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'Records are meant to be broken' says Dewi Lake on drought Down Under

Dewi Lake of Wales looks dejected at full-time following the Rugby World Cup France 2023 Quarter Final match between Wales and Argentina at Stade Velodrome on October 14, 2023 in Marseille, France. (Photo by David Rogers/Getty Images)

Dewi Lake insists that records are “meant to be broken” as Wales target a first victory against Australia Down Under for 55 years.


Wales captain Lake leads his team in Sydney on Saturday, striving to avoid an eighth successive defeat.

Wales last won a Test match during the 2023 World Cup pool stage, when they defeated Georgia, and the Wallabies have reeled off 11 successive triumphs against them in Australia since losing 19-16 in 1969.

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Lake knows what it takes to defy the odds, having featured when Wales beat South Africa in Bloemfontein two years ago.

And the last time Wales met Australia – a World Cup clash in Lyon – they prevailed 40-6 as the Wallabies lurched towards an early exit.

Since then, though, Wales have suffered a run of losses that includes a Six Nations wooden spoon, while Australia are now under the coaching direction of former Ireland boss Joe Schmidt, who succeeded Eddie Jones.

“Records like that (Wales’ defeats in Australia) are meant to be broken,” Lake said.

“It gives us a great opportunity, a great marker something this group can change or leave behind.


“It is another driver for us, adding onto our seven losses in a row. It is another thing that can get the boys in the right mindset.

“Test rugby is about winning. Winning is our goal every time we take the field, and that is the main objective on Saturday.

“A Welsh touring side hasn’t won here since 1969, and we know it is not going to be easy, but we are excited to take the field and are confident in our ability.”

Wales head coach Warren Gatland fields just three of the starters – Liam Williams, Gareth Thomas and Aaron Wainwright – that completed a demolition job on Australia last autumn.


There is a first cap for 20-year-old Gloucester back Josh Hathaway, who lines up on the wing, with Ben Thomas handed fly-half duties.

Thomas last played for Wales in 2021 and is normally a centre with Cardiff, but he now becomes Gatland’s sixth different starting number 10 since the New Zealander began his second stint as head coach ahead of the 2023 Six Nations.

Sydney-born Bath prop Archie Griffin starts at tighthead prop, with Gatland accepting it has become a testing position in terms of depth.

“Tighthead is one position that we are probably the most exposed at,” he said.

“We just haven’t had a consistent tighthead who is playing week in, week out. The last one was probably Tomas Francis, who is in France.

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“He (Francis) hasn’t retired from international rugby, but we need to get someone on the field and develop some experience.

“Archie is explosive, and technically he is excellent. Unfortunately in the Six Nations he picked up an injury right at the start, so it is good to see him back.”

Number eight Wainwright, meanwhile, becomes the latest member of Wales’ 50-cap club, and Gatland added: “I just like the way he has grown as a player.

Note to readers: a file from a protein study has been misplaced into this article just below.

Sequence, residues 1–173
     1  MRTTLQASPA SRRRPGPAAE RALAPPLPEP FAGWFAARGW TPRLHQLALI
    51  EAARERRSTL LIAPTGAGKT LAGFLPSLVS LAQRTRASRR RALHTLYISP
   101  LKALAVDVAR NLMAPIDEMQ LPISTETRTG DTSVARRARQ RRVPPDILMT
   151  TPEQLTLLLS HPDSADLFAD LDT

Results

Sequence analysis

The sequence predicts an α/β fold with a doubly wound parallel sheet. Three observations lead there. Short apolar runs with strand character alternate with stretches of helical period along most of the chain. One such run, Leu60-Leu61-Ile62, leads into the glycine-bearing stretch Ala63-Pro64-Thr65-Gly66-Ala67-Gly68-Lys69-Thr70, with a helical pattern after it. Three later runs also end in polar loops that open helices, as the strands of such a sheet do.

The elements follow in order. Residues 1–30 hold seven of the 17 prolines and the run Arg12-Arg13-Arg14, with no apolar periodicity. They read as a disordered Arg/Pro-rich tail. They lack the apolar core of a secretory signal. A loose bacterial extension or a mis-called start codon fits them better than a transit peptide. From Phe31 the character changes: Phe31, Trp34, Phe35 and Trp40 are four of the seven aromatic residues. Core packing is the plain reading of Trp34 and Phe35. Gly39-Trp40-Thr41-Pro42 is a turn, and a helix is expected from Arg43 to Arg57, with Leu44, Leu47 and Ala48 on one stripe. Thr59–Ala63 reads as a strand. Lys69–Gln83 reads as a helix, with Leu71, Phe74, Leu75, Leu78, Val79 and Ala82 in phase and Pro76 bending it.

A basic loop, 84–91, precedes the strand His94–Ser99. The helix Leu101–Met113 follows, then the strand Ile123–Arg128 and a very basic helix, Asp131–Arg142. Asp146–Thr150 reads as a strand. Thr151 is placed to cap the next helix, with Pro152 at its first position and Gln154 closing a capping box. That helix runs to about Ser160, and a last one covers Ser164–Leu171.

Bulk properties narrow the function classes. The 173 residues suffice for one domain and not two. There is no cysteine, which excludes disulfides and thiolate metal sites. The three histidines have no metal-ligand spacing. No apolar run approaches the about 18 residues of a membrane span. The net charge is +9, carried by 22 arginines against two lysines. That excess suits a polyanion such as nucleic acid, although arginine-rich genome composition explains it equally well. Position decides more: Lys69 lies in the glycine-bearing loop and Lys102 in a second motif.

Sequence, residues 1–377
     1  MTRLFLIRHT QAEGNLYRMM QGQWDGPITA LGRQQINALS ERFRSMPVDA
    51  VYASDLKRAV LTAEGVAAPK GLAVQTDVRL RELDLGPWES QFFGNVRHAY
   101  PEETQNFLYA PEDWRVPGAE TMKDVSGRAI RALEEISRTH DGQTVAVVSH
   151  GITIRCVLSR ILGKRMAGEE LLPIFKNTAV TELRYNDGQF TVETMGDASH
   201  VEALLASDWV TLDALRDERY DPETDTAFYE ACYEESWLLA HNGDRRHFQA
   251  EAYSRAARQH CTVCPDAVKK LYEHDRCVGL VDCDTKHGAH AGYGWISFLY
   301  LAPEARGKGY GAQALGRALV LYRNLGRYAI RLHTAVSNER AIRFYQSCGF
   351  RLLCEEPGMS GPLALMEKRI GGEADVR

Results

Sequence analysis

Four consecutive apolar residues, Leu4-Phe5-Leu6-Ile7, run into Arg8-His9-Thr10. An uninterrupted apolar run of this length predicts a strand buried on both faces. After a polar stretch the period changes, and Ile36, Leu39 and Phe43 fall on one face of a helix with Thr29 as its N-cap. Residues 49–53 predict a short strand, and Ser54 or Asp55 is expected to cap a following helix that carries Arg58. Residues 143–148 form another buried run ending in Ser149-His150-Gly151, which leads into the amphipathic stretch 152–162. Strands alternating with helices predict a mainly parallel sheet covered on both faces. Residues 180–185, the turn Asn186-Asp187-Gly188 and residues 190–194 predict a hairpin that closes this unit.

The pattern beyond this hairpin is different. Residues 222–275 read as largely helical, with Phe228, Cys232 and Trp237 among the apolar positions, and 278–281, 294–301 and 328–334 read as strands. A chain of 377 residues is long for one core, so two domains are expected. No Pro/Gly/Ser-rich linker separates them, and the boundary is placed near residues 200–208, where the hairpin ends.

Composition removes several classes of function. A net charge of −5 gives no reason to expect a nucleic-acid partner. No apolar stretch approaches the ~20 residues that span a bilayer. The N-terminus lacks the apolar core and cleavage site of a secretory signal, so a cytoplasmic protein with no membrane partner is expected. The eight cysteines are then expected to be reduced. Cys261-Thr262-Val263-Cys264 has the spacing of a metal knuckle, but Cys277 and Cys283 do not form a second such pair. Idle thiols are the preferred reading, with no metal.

“After the game last week against the Springboks, (South Africa scrum-half) Faf de Klerk said ‘your number eight is a handful’.

“We have seen him grow with his footwork and carrying, and I have challenged him because I think there is another level in him.”

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1 Comment
Barry 13 days ago

Lots on the line for Wales. Still think they've yet to hit rock bottom.

If they lose to a team they put 40 PTS on just 9 months ago, it would be seismic.

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finn 5 hours ago
Ireland and South Africa share the same player development dilemma

What a difference 9 months makes! Last autumn everyone was talking about how important versatile bench players were to SA’s WC win, now we’re back to only wanting specialists? The timing of this turn is pretty odd when you consider that some of the best players on the pitch in the SA/Ireland match were Osbourne (a centre playing out of position at 15), Feinberg-Mngomezulu (a fly-half/centre playing out of position at 15), and Frawley (a utility back). Having specialists across the backline is great, but its not always necessary. Personally I think Frawley is unlikely to displace Crowley as first choice 10, but his ability to play 12 and 15 means he’s pretty much guaranteed to hold down a spot on the bench, and should get a decent amount of minutes either at the end of games or starting when there are injuries. I think Willemse is in a similar boat. Feinberg-Mngomezulu possibly could become a regular starter at 10 for the Springboks, but he might not, given he’d have to displace Libbok and Pollard. I think its best not to put all your eggs in one basket - Osbourne played so well at the weekend that he will hopefully be trusted with the 15 shirt for the autumn at least, but if things hadn’t gone well for him he could have bided his time until an opportunity opened up at centre. Similarly Feinberg-Mngomezulu is likely to get a few opportunities at 15 in the coming months due to le Roux’s age and Willemse’s injury, but given SA don’t have a single centre aged under 30 its likely that opportunities could also open up at 12 if he keeps playing there for Stormers. None of this will discount him from being given gametime at 10 - in the last RWC cycle Rassie gave a start at 10 to Frans Steyn, and even gave de Klerk minutes there off the bench - but it will give him far more opportunities for first team rugby.

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